It’s been more than a week since I switched off my dating profiles, but this morning I switched them on, thinking they’re like drift-nets out at sea; maybe one day someone interesting will swim into them. Well tonight something interesting did indeed happen, but not anything like what I was expecting.
The Wanderer was visiting London and I went to meet her. We had a fun, friendly evening catching up and I went back to a major train station to get a train home.
As I walk along the platform I spot a pretty blonde sitting on a scarce seat along the wall and we make eye-contact. I like the look of her but I keep walking to the far end of the platform.
A minute later she walks over and stands next to me. We’re the only two people standing so far from the growing crowd.
We make eye contact a few times, then smile suggestively to each other.
I can’t help but conclude that she deliberately came to stand next to me. There was no reason for her to do so.
People start to shuffle forward to claim a spot where they think a door will be on the train as it stops.
She moves forward and I think, sod it, I shall too.
I stand next to her.
She feels my presence and turns to me. Our eyes meet and she smiles coyly before quickly looking away.
The train arrives and we all pile on. It’s a fast train, so the next stop is half an hour away. She gets the aisle seat of a two-seater while I decide to stand near the doors as I normally do.
Everyone has their seat and the train is about to depart. She looks around, our eyes meet again…and she moves over to the window seat, cramming herself into the two-seater unnecessarily.
No, fuck it, I’m going to go sit next to her and I’ll wait for an excuse to talk to her.
I go sit next to her.
We don’t look at each other.
I keep peering out the corner of my eye for an excuse to talk to her. Nothing presents itself.
After a while she sneezes.
Here’s my chance to say, “bless you” as an ice-breaker.
After that I’ll launch into my prepared cheesy, “I know this is totally random and you’re going to laugh, but I don’t suppose you’re single?”
I can’t say it.
I can’t say a word.
Something inside me has locked up tight.
I chicken out.
I’m angry and ashamed at my cowardice.
Then I realize that that is my problem.
I’m ashamed of everything.
I’m ashamed of me. Ashamed of my life. Ashamed of my possessions. Ashamed of being unemployed.
My brain starts racing and projecting what could happen if I strike up a conversation with this cutie that might lead to a date.
I wouldn’t want her asking what I do because I have got to the point where I now fear that question.
I wouldn’t want to invite her to my home, because I’m ashamed of it.
The idea of taking her out on dates fills me with a sense of dread because I just can’t afford it.
This realization is an epiphany to me.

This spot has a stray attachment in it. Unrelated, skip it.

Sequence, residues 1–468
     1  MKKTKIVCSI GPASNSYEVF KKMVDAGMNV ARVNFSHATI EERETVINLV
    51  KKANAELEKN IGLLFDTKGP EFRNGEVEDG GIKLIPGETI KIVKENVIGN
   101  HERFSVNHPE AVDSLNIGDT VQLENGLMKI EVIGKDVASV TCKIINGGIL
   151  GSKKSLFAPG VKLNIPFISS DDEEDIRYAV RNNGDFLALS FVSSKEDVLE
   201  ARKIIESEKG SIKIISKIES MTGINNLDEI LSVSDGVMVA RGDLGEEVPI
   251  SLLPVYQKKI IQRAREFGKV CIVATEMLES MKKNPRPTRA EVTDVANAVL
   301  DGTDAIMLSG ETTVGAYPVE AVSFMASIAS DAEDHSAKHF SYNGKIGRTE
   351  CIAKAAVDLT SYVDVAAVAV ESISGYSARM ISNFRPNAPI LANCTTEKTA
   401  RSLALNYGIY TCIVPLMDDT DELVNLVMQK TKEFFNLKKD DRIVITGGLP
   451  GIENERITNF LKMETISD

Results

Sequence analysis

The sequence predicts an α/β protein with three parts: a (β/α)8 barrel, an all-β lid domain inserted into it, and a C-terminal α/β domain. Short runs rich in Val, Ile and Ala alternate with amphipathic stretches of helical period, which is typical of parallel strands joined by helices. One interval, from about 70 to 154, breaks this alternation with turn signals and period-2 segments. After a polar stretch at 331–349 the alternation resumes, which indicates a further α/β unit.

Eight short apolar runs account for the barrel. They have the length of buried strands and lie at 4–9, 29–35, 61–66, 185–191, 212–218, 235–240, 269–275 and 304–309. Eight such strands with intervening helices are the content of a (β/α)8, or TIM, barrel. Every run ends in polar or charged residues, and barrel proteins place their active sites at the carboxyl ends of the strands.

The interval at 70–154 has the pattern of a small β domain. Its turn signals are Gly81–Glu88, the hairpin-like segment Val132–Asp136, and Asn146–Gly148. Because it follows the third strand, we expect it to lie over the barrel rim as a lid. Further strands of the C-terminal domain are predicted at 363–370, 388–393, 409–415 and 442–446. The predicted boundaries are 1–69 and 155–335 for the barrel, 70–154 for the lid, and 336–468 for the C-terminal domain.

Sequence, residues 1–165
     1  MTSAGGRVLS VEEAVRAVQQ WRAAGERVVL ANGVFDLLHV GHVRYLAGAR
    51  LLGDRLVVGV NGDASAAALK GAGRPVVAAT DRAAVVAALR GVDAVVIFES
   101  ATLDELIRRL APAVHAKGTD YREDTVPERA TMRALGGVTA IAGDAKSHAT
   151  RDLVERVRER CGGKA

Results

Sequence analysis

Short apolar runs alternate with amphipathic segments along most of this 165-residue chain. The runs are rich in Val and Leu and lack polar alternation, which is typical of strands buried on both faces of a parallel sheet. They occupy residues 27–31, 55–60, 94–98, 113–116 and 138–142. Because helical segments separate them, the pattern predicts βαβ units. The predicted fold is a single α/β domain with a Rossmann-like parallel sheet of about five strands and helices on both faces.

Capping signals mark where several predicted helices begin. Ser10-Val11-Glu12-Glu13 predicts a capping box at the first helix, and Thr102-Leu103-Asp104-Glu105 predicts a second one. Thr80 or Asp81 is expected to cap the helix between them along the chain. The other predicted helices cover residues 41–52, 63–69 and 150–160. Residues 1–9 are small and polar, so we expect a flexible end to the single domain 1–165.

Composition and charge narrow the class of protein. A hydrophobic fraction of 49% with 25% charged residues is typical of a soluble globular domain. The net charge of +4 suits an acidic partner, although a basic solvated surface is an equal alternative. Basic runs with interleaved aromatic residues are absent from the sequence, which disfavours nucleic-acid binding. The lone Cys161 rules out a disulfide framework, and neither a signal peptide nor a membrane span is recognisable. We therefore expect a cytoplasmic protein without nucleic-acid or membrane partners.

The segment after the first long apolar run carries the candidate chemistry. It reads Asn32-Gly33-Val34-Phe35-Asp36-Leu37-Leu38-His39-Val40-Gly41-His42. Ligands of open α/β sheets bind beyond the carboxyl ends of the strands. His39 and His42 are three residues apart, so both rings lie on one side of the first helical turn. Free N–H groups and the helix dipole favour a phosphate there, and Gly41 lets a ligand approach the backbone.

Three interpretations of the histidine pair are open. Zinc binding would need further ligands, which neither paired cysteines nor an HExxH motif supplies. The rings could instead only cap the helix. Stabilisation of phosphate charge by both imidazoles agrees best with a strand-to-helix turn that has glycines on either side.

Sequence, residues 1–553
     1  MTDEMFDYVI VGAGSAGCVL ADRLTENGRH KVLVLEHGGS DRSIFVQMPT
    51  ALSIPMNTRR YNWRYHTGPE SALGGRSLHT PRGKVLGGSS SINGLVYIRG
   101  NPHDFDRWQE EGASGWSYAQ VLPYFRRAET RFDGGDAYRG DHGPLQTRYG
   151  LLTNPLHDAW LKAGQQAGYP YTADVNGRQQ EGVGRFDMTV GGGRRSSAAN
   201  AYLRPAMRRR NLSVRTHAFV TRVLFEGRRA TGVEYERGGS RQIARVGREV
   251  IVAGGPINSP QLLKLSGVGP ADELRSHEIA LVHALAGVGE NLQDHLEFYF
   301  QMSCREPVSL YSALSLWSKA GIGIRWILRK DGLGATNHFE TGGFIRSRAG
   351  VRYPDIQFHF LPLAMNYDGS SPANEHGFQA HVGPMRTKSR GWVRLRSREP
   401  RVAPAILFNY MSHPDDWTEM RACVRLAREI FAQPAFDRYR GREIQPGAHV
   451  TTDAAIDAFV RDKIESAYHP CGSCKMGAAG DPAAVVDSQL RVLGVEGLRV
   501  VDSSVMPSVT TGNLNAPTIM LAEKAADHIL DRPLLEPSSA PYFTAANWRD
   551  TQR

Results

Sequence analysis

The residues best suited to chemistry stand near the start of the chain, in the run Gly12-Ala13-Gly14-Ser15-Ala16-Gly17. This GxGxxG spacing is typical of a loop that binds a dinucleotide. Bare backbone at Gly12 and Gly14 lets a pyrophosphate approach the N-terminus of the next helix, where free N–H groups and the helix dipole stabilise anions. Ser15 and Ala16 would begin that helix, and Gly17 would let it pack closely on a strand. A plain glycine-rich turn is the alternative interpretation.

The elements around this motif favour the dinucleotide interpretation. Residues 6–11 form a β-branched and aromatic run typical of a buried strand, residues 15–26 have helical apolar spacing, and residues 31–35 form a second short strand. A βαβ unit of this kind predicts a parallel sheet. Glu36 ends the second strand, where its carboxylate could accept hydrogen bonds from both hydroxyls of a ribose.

Not only am I not ready for love, I am also not even capable of dating at the moment.
The train gets to the first station and she stands up. God, she’s nice. Perfect-looking, in fact.
I turn my legs aside to the aisle so that she can get past. She takes her time passing me and I look up.
She’s looking down at me and she gives me a lovely smile. I watch through the misty window as she disappears into the oblivion outside.
An earlier version of me would never have let this play out like it has.
I feel like dying.
I’ve switched off all my dating profiles again.
I’m continuing to give dating a break.
This experience just reinforces my belief that the man in the mirror needs to make some changes.
Michael Jackson – Man in the mirror
I have The Wanderer sleeping in my bed but my heart yearns for The One whom I am yet to find. At the beginning of the year I bought tickets to two pop concerts as acts of unbridled optimism. I believed that by the end of the year I would have found Her and treating Her to artists we both liked would be a nice way to end the year and share our first Winter together. I love the build-up to Christmas in England. There’s a muted buzz in the air as the winds from Siberia arrive, darkness descends earlier each day and Christmas decorations appear everywhere. It’s the perfect time to be in love.
Alas, my plans have not worked out and I have these tickets. Cat Lady and I have sporadically swapped messages via Facebook and WhatsApp, but I think we both know that we’re not meant for each other. She’s still stinging from her last relationship and I’ve realized that I am too, but for different reasons. My trust issues run deep and I’ve recently discovered that I was played by a psychopath. I have little confidence in my ability to assess a woman correctly, hence my little tests and games that I’ve played on some of my dates. They were a crutch for my hobbled ability to trust and a patch for my bruised ego, hiding what was really going on inside me.
Cat Lady and I meet on a rainy week-night to see Chris Rea at the Royal Albert Hall. She’s unfashionably late and Chris is into his routine as we squeeze into our seats. I hate being late because it seems rude to me, but sometimes it can’t be helped. People around us make it known that they don’t appreciate our disruption. Cat Lady whips her phone out and starts taking photos of everything around us; she even photographs the ceiling. A steward comes over to ask her to desist because of the flash. She apologizes, but no sooner is he gone than she continues photographing. If I was thinking this to be a date then I would be very unimpressed. However, I know that this venue and outing is new to her and she’s seeing it all through tourist eyes.